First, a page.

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Newly released documents detail EPA's concerns over PolyMet

Jun 14, 2019 05:35AM ● By Editor
A former iron ore processing plant near Hoyt Lakes, Minn., that would become part of a proposed PolyMet copper-nickel mine is seen in February 2016. Photo:  Jim Mone | MPR

By Dan Kraker from Minnesota Public Radio News - June 14, 2019

Staff scientists at the U.S. Environmental Protection Agency had serious concerns last year that the PolyMet copper-nickel mine might not be able to meet state and federal water quality standards under the Clean Water Act, according to documents released Thursday.

The scientists' comments were written more than a year ago in response to a key permit the Minnesota Pollution Control Agency issued to PolyMet Mining. But they were never submitted. Instead, they were released this week as part of a Freedom of Information Act case an environmental group filed against the EPA in an attempt to make them public. 

In court filings, the St. Paul-based advocacy group WaterLegacy questioned whether the EPA comments had been suppressed as the MPCA developed the final water quality permit it eventually granted to PolyMet last December. 

WaterLegacy and Minnesota U.S. Rep. Betty McCollum applauded the documents' release. 

"All Minnesotans have a stake in ensuring that the quality of our water is protected, and the public has a right to access essential information about whether a project of this magnitude meets the spirit and letter of the law," said McCollum, who, as chair of a House subcommittee with jurisdiction over the EPA, had also pushed for the release of the documents.

The water quality permit and an air quality permit were the last two state approvals PolyMet needed to move ahead with its NorthMet copper-nickel mining project, which would be located near Babbitt and Hoyt Lakes in northeastern Minnesota. It capped a review and permitting process for the controversial development — which is set to become Minnesota's first copper-nickel mine — that's stretched well beyond a decade.

Copper-nickel mining poses potentially more severe environmental risks than the state's long-established iron ore mining industry because the process used to extract the minerals from the sulfide rock can result in acid mine drainage, which can leach heavy metals and other pollutants into nearby surface and groundwater. 

That's why the project's water quality permit, which sets limits on the pollutants that can be released into groundwater, lakes and streams, was so heavily scrutinized when the MPCA announced it had been issued in December.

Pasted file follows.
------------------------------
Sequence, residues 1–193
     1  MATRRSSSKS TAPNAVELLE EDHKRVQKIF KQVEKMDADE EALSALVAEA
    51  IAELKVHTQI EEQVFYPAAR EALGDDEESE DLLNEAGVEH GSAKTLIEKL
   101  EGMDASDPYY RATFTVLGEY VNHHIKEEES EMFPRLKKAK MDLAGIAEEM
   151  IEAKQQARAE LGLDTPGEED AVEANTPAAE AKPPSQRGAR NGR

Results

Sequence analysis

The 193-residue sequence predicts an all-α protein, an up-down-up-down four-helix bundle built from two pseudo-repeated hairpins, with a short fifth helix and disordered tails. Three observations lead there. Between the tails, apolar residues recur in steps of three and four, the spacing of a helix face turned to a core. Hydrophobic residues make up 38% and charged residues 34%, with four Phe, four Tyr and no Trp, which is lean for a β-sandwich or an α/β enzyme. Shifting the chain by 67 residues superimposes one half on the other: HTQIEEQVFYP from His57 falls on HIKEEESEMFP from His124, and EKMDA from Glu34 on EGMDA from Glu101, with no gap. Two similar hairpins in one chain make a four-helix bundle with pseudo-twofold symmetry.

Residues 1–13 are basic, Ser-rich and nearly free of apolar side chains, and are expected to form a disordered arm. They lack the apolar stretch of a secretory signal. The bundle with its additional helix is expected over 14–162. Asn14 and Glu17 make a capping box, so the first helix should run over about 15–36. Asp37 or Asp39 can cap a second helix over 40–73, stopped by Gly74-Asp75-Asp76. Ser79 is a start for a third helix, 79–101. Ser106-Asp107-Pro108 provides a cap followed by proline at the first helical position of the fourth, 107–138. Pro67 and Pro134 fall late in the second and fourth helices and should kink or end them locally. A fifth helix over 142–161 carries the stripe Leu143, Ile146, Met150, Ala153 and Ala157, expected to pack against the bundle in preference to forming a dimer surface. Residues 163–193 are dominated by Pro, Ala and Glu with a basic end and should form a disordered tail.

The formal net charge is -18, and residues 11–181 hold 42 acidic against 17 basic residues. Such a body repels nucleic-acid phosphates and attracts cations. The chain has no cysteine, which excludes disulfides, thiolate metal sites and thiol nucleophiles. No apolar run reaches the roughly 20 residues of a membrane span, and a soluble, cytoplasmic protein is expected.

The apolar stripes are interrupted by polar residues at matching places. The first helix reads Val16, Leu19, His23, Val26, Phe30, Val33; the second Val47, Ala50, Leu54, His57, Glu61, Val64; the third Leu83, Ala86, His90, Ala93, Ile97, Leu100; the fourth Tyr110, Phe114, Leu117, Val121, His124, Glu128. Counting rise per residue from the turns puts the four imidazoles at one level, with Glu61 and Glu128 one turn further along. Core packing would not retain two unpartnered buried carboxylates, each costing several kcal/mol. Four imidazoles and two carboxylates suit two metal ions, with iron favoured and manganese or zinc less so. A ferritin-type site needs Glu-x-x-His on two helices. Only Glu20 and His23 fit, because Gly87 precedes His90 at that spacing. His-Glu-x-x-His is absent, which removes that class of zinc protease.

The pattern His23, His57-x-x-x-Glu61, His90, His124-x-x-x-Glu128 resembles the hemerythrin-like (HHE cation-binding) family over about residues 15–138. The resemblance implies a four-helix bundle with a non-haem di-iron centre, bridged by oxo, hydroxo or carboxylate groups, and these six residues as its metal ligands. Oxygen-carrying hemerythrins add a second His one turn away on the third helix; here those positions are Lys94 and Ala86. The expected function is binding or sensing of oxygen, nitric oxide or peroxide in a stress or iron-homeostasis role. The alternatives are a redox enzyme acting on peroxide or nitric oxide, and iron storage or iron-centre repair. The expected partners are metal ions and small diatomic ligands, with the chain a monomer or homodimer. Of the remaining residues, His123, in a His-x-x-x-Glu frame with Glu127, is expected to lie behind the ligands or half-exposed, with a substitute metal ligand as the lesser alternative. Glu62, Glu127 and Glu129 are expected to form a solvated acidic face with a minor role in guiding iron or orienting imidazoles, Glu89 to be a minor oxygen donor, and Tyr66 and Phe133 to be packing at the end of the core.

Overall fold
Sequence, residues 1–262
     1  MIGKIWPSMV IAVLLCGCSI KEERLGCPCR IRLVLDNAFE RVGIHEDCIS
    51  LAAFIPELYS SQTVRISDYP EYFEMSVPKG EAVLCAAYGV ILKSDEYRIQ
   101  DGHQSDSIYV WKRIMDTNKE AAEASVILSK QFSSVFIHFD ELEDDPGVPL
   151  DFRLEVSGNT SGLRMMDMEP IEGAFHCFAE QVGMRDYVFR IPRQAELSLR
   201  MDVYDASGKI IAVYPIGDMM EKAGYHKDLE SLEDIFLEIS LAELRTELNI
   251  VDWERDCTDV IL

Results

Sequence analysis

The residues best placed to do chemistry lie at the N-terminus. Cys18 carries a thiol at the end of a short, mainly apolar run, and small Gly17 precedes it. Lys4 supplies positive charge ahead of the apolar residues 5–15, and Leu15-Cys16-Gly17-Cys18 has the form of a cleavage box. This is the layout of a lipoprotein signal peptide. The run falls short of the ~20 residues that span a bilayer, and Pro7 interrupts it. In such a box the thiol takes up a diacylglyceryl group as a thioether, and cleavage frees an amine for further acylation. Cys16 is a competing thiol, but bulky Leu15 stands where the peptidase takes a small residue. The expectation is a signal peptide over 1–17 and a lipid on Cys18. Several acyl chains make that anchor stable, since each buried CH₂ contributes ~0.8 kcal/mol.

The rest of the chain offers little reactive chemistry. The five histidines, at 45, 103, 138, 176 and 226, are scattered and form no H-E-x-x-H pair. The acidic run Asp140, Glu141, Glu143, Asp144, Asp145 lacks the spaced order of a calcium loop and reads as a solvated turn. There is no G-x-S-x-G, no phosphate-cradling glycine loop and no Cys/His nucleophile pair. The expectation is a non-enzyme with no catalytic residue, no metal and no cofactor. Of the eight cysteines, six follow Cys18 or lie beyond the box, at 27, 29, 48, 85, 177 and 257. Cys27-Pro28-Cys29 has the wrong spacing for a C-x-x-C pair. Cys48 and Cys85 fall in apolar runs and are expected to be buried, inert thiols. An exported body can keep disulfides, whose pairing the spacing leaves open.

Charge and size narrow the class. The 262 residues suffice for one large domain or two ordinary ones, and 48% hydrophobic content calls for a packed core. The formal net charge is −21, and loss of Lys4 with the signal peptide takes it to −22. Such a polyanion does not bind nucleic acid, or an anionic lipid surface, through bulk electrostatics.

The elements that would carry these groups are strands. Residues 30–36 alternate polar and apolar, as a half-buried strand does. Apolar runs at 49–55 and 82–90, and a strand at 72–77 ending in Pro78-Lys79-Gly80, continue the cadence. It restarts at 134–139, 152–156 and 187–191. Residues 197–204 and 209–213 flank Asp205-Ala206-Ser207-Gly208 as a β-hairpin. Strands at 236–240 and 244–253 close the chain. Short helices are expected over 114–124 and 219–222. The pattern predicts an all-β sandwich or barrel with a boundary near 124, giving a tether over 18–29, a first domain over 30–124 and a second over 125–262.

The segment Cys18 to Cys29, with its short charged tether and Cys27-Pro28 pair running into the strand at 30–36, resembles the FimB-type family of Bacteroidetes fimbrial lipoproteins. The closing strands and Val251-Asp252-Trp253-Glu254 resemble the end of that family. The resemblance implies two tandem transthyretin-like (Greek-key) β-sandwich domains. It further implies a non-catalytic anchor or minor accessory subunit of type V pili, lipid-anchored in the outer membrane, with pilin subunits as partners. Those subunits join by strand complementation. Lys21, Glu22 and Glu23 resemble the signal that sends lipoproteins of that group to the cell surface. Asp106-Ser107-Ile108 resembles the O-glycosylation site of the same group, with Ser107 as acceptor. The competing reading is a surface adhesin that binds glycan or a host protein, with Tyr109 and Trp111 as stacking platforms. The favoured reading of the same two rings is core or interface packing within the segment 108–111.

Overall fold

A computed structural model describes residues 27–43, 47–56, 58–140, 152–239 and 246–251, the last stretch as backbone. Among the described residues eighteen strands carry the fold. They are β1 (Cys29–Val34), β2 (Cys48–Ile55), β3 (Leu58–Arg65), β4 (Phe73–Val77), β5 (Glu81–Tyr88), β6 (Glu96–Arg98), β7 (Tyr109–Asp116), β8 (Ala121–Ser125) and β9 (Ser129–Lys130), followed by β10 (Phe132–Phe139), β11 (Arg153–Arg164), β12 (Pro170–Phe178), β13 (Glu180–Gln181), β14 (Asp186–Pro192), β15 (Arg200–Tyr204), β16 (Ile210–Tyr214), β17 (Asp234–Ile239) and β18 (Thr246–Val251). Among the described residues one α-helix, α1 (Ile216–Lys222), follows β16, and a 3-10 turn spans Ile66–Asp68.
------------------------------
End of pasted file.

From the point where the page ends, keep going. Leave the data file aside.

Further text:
Four environmental groups — the Minnesota Center for Environmental Advocacy, the Center for Biological Diversity, Friends of the Boundary Waters Wilderness and WaterLegacy — along with the Fond du Lac Band of Lake Superior Chippewa, quickly challenged the water quality permit at the Minnesota Court of Appeals. They argued the permit failed to comply with federal and state standards.

Soon after, in January, retired EPA attorney Jeffry Fowley filed a complaint with the agency's inspector general, alleging that administrators in the EPA's Chicago office had "suppressed" staff comments that were critical of the PolyMet water quality permit.

But in a brief filed Wednesday in the appeals court case, the MPCA acknowledged it had come to an agreement with the EPA "that EPA would provide oral [rather than written] comments to MPCA." The documents EPA released Thursday show that EPA staff had significant concerns about the permit. EPA scientists were especially concerned that it failed to include specific limits on the amount of pollutants the mine can discharge, — known as "water quality-based effluent limits" — which are put in place to ensure that projects can meet federal environmental standards. 

EPA staff had prepared detailed written comments, but the agency never filed an objection to the MPCA's permit plan. And instead of publicly submitting those comments in writing during the public comment period part of the permitting process, staffers at both agencies agreed that the EPA would read them to MPCA staffers over the phone. 

As a result, the EPA scientists' concerns did not become a part of the administrative record, which appeals courts rule on — and which the Minnesota Court of Appeals will rely on in its review of the MPCA's decision to issue the permit. 

To read more of the original article and see related reporting, follow this link to the MPR News website.

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